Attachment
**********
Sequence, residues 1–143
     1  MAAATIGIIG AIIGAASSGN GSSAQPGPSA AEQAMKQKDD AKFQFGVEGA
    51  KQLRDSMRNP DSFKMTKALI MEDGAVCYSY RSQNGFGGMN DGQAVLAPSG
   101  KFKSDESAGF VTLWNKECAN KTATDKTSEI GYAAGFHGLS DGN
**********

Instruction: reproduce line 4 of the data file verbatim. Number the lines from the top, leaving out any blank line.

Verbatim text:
   101  KFKSDESAGF VTLWNKECAN KTATDKTSEI GYAAGFHGLS DGN